Towards the learning of Cassandra’s Dream Song and the Berio Sequenza

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My big repertoire learning for the summer will basically be the audition repertoire for the Lucerne Festival Academy plus some things we’re (Kupka’s Piano) will be preparing for our “season launch” event (possibly Liza Lim’s Diabolical Birds, Luciano Berio’s O King – a chamber arrangement of part of his Sinfonia, and some new sketches by Peter, Michael and Liam). On the side there’ll be some orchestral excerpts, with the hope of doing another QSO casual audition, and a bunch of Italian flute or fl/piano repertoire I’m interested in.

Choosing which of the contemporary solo pieces on the Lucerne audition list to play is no easy feat – they’re all very difficult in different ways. Of them, Hurel’s Loops is the only thing I’ve seriously played, and then, it wasn’t especially successful (I haven’t yet performed the 2nd and 3rd movements). I “played” the Berio Sequenza in 4th year of undergrad, but really it was a disaster. I’d be learning it from scratch now, although it is quite do-able. However, this is really a standard repertoire piece in Europe these days, and I imagine it would be necessary to have a pretty refined interpretation (and a great sound throughout…) to be selected.

Cassandra’s Dream Song by Brian Ferneyhough is also quite widely played by advanced European students, but I’ve actually done a bit of the work towards developing an interpretation – I examined the work in the final chapter of my recently submitted thesis draft, and it’s really captured my imagination. I read a fantastic article by American flautist and scholar Prof. Ellen Waterman – Cassandra’s Dream Song: A literary feminist perspective” – which seeks out a new reading of the story (the work being loosely inspired by the Cassandra/Apollo myth, notorious for its demonisation of the female protagonist). Waterman’s interpretation was in turn inspired by the novel Cassandra by East German feminist author Christa Wolf, in which the story is told from Cassandra’s point of view as the city of Troy disintegrates around her. There is a degree of performer choice included in Ferneyhough’s work, to do with ordering of the lines on the second page of material. Fun as this would (will) be to learn and play, it is fiendishly difficult (not as difficult as this composer’s later writing for flute, but still “new complexity”), and I’m not sure whether I would get it to standard by the time I’d have to record it for a February 15 deadline.


I’ll therefore endeavour to learn both works, and spend a bit of time brushing up the Hurel, and decide by mid-December or so which I’ll use for the audition tape. And I’ll endeavour to plan out the learning process and approach it in a smart way, developing interpretive ideas and technical solutions before I begin ingraining notes.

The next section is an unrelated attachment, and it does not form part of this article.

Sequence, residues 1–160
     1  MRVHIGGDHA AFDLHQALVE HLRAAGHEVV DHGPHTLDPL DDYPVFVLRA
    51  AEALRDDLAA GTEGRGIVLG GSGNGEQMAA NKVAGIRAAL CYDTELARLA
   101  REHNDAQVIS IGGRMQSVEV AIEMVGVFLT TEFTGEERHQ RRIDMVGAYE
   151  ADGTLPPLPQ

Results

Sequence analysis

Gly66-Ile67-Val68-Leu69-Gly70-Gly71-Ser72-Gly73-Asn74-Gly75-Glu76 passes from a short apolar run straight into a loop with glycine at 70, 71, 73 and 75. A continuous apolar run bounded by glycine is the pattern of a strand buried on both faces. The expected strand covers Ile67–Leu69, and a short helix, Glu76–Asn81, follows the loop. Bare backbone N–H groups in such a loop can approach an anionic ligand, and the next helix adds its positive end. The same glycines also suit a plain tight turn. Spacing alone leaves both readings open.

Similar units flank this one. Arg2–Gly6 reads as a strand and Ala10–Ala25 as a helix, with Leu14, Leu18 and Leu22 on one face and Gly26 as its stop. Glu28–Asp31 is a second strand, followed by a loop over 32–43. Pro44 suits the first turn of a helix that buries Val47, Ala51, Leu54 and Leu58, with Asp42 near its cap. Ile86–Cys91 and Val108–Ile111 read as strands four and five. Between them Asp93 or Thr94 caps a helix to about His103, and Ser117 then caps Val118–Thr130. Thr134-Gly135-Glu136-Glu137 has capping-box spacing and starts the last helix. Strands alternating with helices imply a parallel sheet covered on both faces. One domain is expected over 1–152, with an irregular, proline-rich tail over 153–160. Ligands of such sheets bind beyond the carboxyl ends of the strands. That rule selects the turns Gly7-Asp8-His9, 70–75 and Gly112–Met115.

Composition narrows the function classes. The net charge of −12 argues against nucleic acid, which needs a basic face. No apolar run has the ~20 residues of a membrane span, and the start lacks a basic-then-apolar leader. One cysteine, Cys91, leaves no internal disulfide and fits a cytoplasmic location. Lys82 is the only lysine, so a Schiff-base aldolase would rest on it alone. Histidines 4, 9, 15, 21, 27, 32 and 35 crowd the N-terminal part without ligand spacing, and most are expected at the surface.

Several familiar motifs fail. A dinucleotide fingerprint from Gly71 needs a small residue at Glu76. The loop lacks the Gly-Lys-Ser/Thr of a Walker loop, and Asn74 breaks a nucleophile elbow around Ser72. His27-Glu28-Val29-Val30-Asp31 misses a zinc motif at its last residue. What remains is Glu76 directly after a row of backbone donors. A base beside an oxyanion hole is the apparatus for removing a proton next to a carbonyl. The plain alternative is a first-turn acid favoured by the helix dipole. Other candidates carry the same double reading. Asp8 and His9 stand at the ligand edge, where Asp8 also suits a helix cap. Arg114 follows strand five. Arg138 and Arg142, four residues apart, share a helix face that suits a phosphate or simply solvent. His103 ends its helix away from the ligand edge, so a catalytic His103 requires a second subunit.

Today I began really serious listening work for each the Ferneyhough and Berio. A few years ago American flautist Jane Rigler sent me a disc of recordings she’d made, including Cassandra’s Dream Song – today was the first time I really listened to it with the score and it’s simply incredible. She uses Waterman’s choice of ordering (whether coincidently or because she two found Waterman’s reading compelling I’m not sure), and creates a very rich mesh of narrative, form, and virtuosity. I’m also quite fond of Emmanuel Pahud’s recording, which has a warmth many other recordings lack – and I’d be lying if I didn’t say it’s satisfying to hear him execute something not quite perfectly, which after all is Ferneyhough’s stated intent. It’s just nice to know the guy’s human. The video I’ve included above is Kolbeinn Bjarnason, who has become something of a Ferneyhough specialist, and recorded just about all of his flute music – his performance is also very good. I haven’t listened to so many Berios, but of those I heard today Sophie Cherrier’s is best.

The next steps for the Ferneyhough will be some rhythm study I think. I might actually consult a few other flautists on their learning method for this piece – Kathleen, also Jane Rigler. There’s a good article by Steven Schick about how he learnt Ferneyhough’s Bone Alphabet (for percussion). But he’s a bit intense, and he memorised the whole thing as he went along…! There are some nested tuplets, but it’s not complete insanity. At this stage, I’m most interested in following Waterman’s ordering – perhaps as I really get to know the piece (and as I read Wolf’s novel) I will come to another order, but for now I’d like to explore this reading.

Sequenza, on the other hand, will be all about phrasing decisions. I’ve decided to work solely from the spatially notated score (the original) and be meticulous about fitting things into the duration markings. That means quite a bit of vocalising “rhythms” for a bit before I pick up the flute. This in turn will advise phrasing for me (as well as listening to other recordings). Learning this work will only be possible once those decisions are made.

I think this is one of the things that makes contemporary music scary for those who haven’t had much experience playing it (and also for those who have!) – there is always more left up to the performer in one way or another (even when the score appears meticulously detailed, like Ferneyhough’s), which means interpretive decisions need to be made first, and not applied after a straightforward process of ingesting notes. A period of study must be entered into prior to learning notes. This is something I’m only just committing to properly, and to be honest it’s kind of exciting! I’m going to try and track my progress with these two works on this blog, my stages of learning, refining, and preparing for performance, and all of the problems I encounter on the way.

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